The OP asked about reaming a barrel. I cautioned that if the barrel had been heat treated, reaming might not be nearly as easy as some might suggest. No mistaking there.
 

·
Premium Member
Joined
·
2,297 Posts
I'm mistaken?? LOL On which part? The part that trashed the CRAP out of two Manson reamers trying to throat a Springfield XDS barrel or the part about trashing yet a 3rd Manson reamer trying to throat a S&W Shield barrel?

You people that don't do this stuff day in and day out might think tenifer and melonite and Isonite or whatever else the industry calls it can be machined with something less than carbide. <-- THAT is what is mistaken.

The OP asked about reaming a barrel. I cautioned that if the barrel had been heat treated, reaming might not be nearly as easy as some might suggest. No mistaking there.
Best to figure out to WHOM you are speaking before you make yourself look more foolish.

As others have tried to tell you, a shiOt load of difference between melonite and plain black oxide finishing.
 

·
Registered
Joined
·
4,928 Posts
I haven't come across a 1911 barrel that a hand reamer couldn't cut.

In the future, I recommend having a separate Google page open and at the ready if you feel the need to question Bill or Chuck, Doug. You can take their word to the bank almost guaranteed.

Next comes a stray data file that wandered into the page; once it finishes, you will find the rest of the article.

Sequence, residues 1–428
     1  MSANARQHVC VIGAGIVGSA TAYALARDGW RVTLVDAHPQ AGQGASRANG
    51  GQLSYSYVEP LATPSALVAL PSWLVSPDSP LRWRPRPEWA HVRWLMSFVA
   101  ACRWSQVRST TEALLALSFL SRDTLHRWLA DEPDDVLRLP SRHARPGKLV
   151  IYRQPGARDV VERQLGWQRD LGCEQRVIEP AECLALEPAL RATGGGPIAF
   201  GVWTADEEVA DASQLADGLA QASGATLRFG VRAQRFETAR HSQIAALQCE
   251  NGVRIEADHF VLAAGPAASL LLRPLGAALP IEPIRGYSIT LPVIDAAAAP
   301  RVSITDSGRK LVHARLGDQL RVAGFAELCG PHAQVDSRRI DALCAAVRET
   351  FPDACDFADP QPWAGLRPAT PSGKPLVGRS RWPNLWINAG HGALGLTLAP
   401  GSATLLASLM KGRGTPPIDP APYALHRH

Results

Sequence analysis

Black Oxide does not change the heat treat of the metal. Maybe you are thinking Black Nitride, which is pretty darn hard?
 

·
Premium Member
Joined
·
2,832 Posts
In the future, I recommend having a separate Google page open and at the ready if you feel the need to question Bill or Chuck, Doug. You can take their word to the bank almost guaranteed.
I understand where you are coming from in support of Bill and Chuck. I have never found them to be wrong on this board. On the other hand, they seem perfectly capable of taking care of themselves.

Having said all that, I would like to feel that I or anyone else can freely question (in a respectful manner) anyone's comments and get an appropriate response. When it happens with me, I learn, which is why I am here. When others do it, I usually learn from the exchange and therefore benefit.

It seems to me that the purposes of these posts are to find out what one doesn't know, to confirm what one thinks one knows and to help others learn.
 

·
Registered
Joined
·
4,928 Posts
Sure, freely question any and all advice given until you see the truth for yourself. That's wise.

My point is, once the point was made that black oxide is just another name for a salt bluing method, a quick google search would have cemented the facts and saved some bruised egos.
 
1 - 20 of 21 Posts
Top